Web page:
By April 1997, the overall FII investment limit was raised to 30 per cent. (It is now 100 per cent, except in select sectors such as insurance.) Yet, the debt market was shut to them. As Governor of RBI (1992-1997), Rangarajan wrote to the Finance Ministry proposing that as the next stage in the process, these investors should be allowed to buy government bonds or securities. His rationale was that India’s debt markets lacked depth — and unless there were enough investors taking two-way bets or contrarian positions, the growth of the market would be stunted. A price discovery process would also come about only with the entry of more players, and it would do no good if the government securities market was populated by just state-owned banks and institutions.

This was well before the new private banks started functioning a little after 1994-95. The first note of caution came from mid-level officials in the Finance Ministry, who flagged the dangers of allowing debt inflows. An abrupt reversal of such flows could have an impact on the rupee — and given the experience of several countries, it would be preferable to keep debt investors away, they noted. Finance Secretary Montek Singh — known even then as a liberaliser — first agreed with the views of the RBI Governor, but ultimately deferred to the views of his officials.

The file containing the proposal was thus shelved — until a personal letter from the Governor to the then Finance Minister. P Chidambaram, who had by 1997, taken over as Finance Minister in the United Front government, marked it to his officials who, however, continued to labour the same point. What followed was classic, according to two people aware of the developments of that period.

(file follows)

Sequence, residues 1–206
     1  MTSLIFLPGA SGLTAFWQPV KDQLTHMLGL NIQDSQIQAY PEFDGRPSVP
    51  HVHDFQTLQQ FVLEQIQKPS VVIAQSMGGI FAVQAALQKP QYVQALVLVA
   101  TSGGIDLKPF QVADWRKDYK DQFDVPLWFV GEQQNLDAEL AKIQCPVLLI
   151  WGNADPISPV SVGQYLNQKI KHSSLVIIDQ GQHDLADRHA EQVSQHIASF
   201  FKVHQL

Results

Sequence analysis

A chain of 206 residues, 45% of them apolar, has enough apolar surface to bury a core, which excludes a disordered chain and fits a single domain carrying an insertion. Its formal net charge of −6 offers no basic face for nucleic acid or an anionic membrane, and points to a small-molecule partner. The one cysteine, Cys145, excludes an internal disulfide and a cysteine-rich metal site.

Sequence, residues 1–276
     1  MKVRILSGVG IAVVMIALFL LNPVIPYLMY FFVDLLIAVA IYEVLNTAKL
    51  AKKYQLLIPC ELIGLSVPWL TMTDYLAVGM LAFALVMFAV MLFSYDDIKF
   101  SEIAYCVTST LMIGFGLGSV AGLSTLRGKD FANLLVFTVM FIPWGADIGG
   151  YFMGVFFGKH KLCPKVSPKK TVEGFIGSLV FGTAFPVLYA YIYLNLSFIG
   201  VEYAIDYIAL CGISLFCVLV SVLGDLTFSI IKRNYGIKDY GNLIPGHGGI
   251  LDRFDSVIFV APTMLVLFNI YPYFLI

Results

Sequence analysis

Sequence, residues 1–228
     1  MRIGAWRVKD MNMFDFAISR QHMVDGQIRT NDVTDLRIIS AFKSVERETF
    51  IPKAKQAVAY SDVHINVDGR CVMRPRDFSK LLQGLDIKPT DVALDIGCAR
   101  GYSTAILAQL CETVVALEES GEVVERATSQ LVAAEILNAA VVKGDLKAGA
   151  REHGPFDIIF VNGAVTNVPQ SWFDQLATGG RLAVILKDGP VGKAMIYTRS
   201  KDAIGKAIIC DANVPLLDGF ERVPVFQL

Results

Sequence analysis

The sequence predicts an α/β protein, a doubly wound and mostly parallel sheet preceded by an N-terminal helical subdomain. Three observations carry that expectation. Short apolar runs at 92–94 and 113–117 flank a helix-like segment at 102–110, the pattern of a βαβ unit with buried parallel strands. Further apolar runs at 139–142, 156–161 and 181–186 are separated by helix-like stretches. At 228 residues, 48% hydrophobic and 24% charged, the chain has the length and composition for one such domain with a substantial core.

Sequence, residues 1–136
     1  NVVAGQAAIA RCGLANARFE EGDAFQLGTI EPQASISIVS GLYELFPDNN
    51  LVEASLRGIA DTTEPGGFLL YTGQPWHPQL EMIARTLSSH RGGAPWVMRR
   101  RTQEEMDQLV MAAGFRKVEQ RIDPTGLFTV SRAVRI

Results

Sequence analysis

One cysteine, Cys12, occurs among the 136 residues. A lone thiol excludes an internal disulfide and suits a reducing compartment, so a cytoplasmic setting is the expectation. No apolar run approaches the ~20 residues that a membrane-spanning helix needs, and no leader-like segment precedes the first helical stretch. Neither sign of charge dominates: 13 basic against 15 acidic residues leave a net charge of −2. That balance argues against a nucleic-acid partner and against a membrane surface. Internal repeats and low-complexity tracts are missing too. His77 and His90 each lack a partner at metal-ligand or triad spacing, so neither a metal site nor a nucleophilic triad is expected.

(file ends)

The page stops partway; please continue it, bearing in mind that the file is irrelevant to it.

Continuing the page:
After the meeting, the Minister wrote on the file that a “lot of mumbo jumbo was thrown around” during the discussions. However, the RBI Governor must be right, he apparently wrote, while directing his officials to issue a notification pronto — which was done in a day!

Debt securities were opened up for investment in 1997, with FIIs allowed to invest 100 per cent of their portfolios in debt securities with Sebi approval, to hedge their foreign exchange exposure. They were allowed to invest in dated government securities in April 1998 — with an initial limit of $ 1 billion, which was raised to $ 1.75 billion in 2004 — and, subsequently, in Indian corporate debt too. Today, FIIs can invest as much as $ 30 billion in government securities and $ 51 billion in corporate debt instruments such as commercial paper and bonds. Yet, years after those policy changes, the debate continues on the wisdom of allowing foreign flows into debt — or rather, on the extent to which they should be permitted.